Feminism India

Following Your Artistic Passions : A guest interview with Lasya Esha

Esha Malkani, founder of Lasya Dance on YouTube, grew up in a tiny country on the tip of Europe - Gibraltar. She has been dancing since the age of 13 and followed through with her passion for dancing at University in London. Bharatnatyam has played a big role in everything Esha does and she always turns to this dance form when searching for inspiration. Ankita and I had a lovely chat with her on our podcast Desi Outsiders and we can guarantee you'll leave this post feeling just as inspired as we were!

M: I knew you from a very young age and I remember watching you perform in some small community events in Gibraltar. Gibraltar is a tiny country and we’re not exposed to our Desi culture as much as someone would be in the UK. So everything we learned as kids in Gibraltar was mainly at home and through the TV. So what exactly sparked your dance hobby and your passion for this art?

A: There are so many components that go into what you do. It’s not just about the choreography and dancing, but you also have to pick out these beautiful costumes, record your video, edit, upload and work on your social media platform. How do you find the time to manage all of this with a full-time job as a chartered accountant?

I’m not going to lie - it’s tough. It’s very tough. I am trying to kind of juggle my career and passion together, which is difficult, but I’m slowly finding a balance. It really is all about prioritizing and dance is something that I’m really passionate about. So I don’t see it as a chore. On the evenings during the weekday, I choreograph my dances and then I record on the weekends. The weekdays is where I edit and work on my social media platform.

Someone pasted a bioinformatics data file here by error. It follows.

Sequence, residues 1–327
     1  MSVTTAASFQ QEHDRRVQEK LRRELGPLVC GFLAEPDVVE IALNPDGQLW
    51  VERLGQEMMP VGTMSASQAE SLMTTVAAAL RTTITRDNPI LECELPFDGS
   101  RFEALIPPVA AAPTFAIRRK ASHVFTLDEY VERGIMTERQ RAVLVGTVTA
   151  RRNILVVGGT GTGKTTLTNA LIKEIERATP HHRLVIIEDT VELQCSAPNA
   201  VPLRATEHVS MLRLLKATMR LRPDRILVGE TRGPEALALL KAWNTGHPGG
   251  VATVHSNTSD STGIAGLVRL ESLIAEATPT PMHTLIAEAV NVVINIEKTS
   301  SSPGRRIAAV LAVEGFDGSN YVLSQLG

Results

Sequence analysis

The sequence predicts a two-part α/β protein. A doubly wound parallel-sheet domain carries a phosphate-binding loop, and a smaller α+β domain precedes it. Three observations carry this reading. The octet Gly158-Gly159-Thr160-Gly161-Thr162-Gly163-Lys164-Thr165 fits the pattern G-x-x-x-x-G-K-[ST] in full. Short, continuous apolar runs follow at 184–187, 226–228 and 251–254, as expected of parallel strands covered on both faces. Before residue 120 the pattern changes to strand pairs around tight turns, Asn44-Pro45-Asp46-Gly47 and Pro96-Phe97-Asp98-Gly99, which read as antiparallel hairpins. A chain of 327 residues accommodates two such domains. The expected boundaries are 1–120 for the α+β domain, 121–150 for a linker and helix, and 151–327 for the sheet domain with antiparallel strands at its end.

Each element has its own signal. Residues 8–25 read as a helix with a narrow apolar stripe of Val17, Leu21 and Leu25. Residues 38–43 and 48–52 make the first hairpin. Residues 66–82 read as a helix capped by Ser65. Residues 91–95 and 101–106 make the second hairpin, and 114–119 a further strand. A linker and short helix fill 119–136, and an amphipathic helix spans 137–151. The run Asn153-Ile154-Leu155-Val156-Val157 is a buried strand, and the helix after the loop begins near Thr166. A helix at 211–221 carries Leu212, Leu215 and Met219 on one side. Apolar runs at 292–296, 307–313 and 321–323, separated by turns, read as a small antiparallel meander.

A: How do you manage your social media presence?

M: If I’m not mistaken, you have a lot of followers from some really random places, like Uzbekistan - these followers actually make a video of your choreography and send it to you. How does it feel to see someone produce your own work, especially since most of them are not even Desi?
It’s incredible, I cannot even explain the feeling. This all links into why I kind of started this because growing up in Gibraltar, I’ve always had an interest in Indian dance, but I never had any classes, or any teacher to guide me. Everything was self-taught and I would have loved to have a mentor to guide me at the time. I never had that and that’s one of the reasons I started my YouTube channel because I found it was an opportunity for me to reach out to people all over the world and for them to learn something from my channel regardless of whether they have access to an Indian dance class or not.

As I interact with my followers, I can’t imagine how different my dance would be if I had access to YouTube 15 years ago. I had to learn a lot of it from the top of my head and as a teenager. I had a rule that I didn’t want to copy anybody’s moves. I didn’t mind taking inspiration.

Now that I’m able to spread my knowledge and passion with other people, it really is an amazing feeling.

M: This might be a weird question, but when you perform Bharatanatyam, I feel that the expressions are what really stand out the most. As a person, are you that expressive?